Tell me three things about yourself that you think everyone should know.
I’m not perfect. I’m learning my craft as I go in this wonderful world of writing and publishing.
My first stories at 9 years old were anything but child’s play. I impressed and also concerned and even scared many of the adults around me with my tales of murder and downright gory violence (I swear they just came to me).
I love to travel and hope to work the world in my works, one book at a time.
So what are a couple of places you’d like to visit and later mix into your fiction?
I would definitely like to mix in Sweden. I’ll be visiting there soon so I’m sure an idea will pop up while I’m there. I’d also want to try Nebraska, maybe, just to see what story would come out of it.
Tell me one thing almost nobody knows about you.
Some people know this about me but not many others do: I was a huge jerk. I was very mean and my words cut deep. Even when I should, I just didn’t shut up. Its a miracle I didn’t get beat up and that I actually still have friends from my childhood.
Do you have any odd writing habits?
Ice water and jazz. Ice water keeps me awake since I’m off coffee for good and jazz relaxes me and gets the juices flowing.
I’m a big fan of jazz, too. Who are a couple of your Jazz favorites?
Wow, how much time do you have? Just to name a couple, I’m huge fan of Thelonius Monk and Miles Davis. I also enjoy Renee Olstead. She played the oldest daughter on the sitcom, “Still Standing.” When I saw her perform “Summertime” on the show, I was blown away and I’ve loved her music ever since.
I saw on your website something about the Harambee Foundation. What is it and how are you involved?
The Harambee Foundation is a worldwide project that aids parts of Africa through a variety of initiatives that are meant to provide for the many communities there.When I went to Italy a couple of summers ago, I learned of Harambee Gwassi-Kenya, or the Italian Kenya Scout Development Project, from some friends who live there. This particular project works with Kenya in creating and building schools and enriching the land for the betterment of the citizens in accordance with food, nutrition, and more. Its a great cause. They do a lot of good. As for my involvement, I share and talk about it as much as I can, but I’m hoping to do more in the future. You can find out more about Harambee and how to get involved through my website or on their facebook page at https://www.facebook.com/IksdpProgettoHarambeeKenya
Tell me a little about your newest book.
My newest book, the third in what I call the Warren-Bennett-Johnson series, One Minute There, centers on Rhode Island Detective Stephen Bennett who, along with the authorities, is on a frantic search for his step-daughter Melissa, an emotionally fragile girl who disappeared leaving a two victims and a blood trail behind. Bennett is desperate to find her first and his search takes him well beyond New England, where he discovers the girl’s numerous secrets and that he and the cops aren’t the only ones looking for her.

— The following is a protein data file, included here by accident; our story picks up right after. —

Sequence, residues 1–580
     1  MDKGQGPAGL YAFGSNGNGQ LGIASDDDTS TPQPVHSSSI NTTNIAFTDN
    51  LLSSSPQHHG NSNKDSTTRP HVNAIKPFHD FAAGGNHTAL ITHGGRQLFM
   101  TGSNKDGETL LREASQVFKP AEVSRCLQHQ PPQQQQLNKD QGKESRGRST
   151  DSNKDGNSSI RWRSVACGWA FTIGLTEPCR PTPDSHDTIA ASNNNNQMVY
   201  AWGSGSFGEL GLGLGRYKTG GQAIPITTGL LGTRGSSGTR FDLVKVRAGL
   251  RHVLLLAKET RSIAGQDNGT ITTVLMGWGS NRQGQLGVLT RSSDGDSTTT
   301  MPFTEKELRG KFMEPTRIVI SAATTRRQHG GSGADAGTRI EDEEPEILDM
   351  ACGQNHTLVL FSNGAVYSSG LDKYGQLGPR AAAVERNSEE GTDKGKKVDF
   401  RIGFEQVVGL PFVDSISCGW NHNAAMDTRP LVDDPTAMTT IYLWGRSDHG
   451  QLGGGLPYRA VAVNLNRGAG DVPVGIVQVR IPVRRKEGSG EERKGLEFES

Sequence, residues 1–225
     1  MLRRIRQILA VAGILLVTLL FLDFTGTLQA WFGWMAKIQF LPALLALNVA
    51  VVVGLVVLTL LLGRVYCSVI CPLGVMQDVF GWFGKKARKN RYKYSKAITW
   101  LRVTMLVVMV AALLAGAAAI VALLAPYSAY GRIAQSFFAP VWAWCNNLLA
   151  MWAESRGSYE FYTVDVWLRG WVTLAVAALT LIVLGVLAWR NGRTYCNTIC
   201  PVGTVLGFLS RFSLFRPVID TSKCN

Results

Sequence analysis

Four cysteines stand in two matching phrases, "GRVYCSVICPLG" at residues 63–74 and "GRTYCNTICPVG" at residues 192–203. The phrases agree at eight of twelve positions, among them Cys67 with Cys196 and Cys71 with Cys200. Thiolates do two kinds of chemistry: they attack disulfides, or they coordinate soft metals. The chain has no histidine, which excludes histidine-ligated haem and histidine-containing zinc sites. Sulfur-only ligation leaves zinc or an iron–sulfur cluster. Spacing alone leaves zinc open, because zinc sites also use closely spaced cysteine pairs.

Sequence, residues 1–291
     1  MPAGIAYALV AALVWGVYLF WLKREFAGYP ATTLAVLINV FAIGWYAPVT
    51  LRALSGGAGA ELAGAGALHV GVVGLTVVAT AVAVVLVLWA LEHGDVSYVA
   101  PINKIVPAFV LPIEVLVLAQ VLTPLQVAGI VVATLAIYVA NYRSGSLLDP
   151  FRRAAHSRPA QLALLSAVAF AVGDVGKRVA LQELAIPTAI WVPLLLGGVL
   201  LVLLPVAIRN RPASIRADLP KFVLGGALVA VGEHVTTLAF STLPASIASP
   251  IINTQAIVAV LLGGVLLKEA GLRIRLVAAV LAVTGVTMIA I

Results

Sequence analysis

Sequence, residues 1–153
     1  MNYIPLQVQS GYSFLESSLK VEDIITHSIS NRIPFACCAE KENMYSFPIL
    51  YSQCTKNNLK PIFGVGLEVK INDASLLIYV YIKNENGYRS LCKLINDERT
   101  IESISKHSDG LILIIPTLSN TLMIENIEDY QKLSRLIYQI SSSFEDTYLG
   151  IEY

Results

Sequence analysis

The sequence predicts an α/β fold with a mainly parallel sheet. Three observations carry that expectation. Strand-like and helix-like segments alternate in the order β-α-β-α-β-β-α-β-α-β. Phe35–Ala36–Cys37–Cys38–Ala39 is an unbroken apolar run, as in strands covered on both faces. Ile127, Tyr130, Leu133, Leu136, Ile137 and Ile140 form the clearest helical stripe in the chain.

An audiobook of number 2 in the Warren-Bennett-Johnson series, The Bleeding, is currently underway and is being narrated by the amazing Noah Michael Levine. It’s going to be great! Also, I’m currently working on the next in the series, Black Cradle, which is due out in August.
How can people find out more about you and your books?
You can always contact me or follow me on my website, facebook, or twitter:
What are three things about you that you want everybody to know?
1. My interest in writing a novel started late in life, when I was in my 40’s, as I resisted putting words to paper for the longest time. Only when I realized that I enjoyed telling stories did I think about creating a book as an outlet to the stories that I wanted to tell.
2. I don’t lead a very interesting life and nothing truly exciting ever happens to me, so a lot of what I like to write about are adventures that I wish I could have.
3. I hope to someday be rich and famous so that I can quit my day job and devote 100% of my free time to travelling the world, visiting the places that I have only read about or seen on TV.
What is one thing about you that almost nobody knows?
1. I would love to be a NASCAR driver!
Let’s say you sell a million copies of your book tomorrow. Where’s the first place you visit?
While this is a tough question to answer, my first choice would be to go on a Mediterranean cruise with my wife. We would start in Lisbon, Portugal and travel to Spain, Italy, Greece, and then end in Israel.
Was there a specific moment that made you say “You know, I should write a novel.”?
That moment hit me when I started reading a e-zine published by Randy Ingermanson aka The Snowflake Guy. His approach to writing a novel was very matter-of-fact, and I continue to subscribe to his monthly newsletter because of the quality of information that he provides to both new and experienced authors.